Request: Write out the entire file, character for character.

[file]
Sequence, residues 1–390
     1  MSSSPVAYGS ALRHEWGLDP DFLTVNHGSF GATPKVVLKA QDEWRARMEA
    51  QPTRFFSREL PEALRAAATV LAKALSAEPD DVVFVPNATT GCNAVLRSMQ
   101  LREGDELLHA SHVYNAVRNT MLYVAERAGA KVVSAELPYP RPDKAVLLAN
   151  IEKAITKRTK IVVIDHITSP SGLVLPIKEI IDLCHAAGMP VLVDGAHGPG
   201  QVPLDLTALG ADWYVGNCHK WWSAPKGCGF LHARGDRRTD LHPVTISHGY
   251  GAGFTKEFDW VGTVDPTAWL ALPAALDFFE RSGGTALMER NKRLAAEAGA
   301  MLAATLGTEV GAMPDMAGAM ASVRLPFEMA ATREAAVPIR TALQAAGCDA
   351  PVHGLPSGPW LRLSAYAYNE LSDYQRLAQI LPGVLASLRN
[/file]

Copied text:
Sequence, residues 1–390
     1  MSSSPVAYGS ALRHEWGLDP DFLTVNHGSF GATPKVVLKA QDEWRARMEA
    51  QPTRFFSREL PEALRAAATV LAKALSAEPD DVVFVPNATT GCNAVLRSMQ
   101  LREGDELLHA SHVYNAVRNT MLYVAERAGA KVVSAELPYP RPDKAVLLAN
   151  IEKAITKRTK IVVIDHITSP SGLVLPIKEI IDLCHAAGMP VLVDGAHGPG
   201  QVPLDLTALG ADWYVGNCHK WWSAPKGCGF LHARGDRRTD LHPVTISHGY
   251  GAGFTKEFDW VGTVDPTAWL ALPAALDFFE RSGGTALMER NKRLAAEAGA
   301  MLAATLGTEV GAMPDMAGAM ASVRLPFEMA ATREAAVPIR TALQAAGCDA
   351  PVHGLPSGPW LRLSAYAYNE LSDYQRLAQI LPGVLASLRN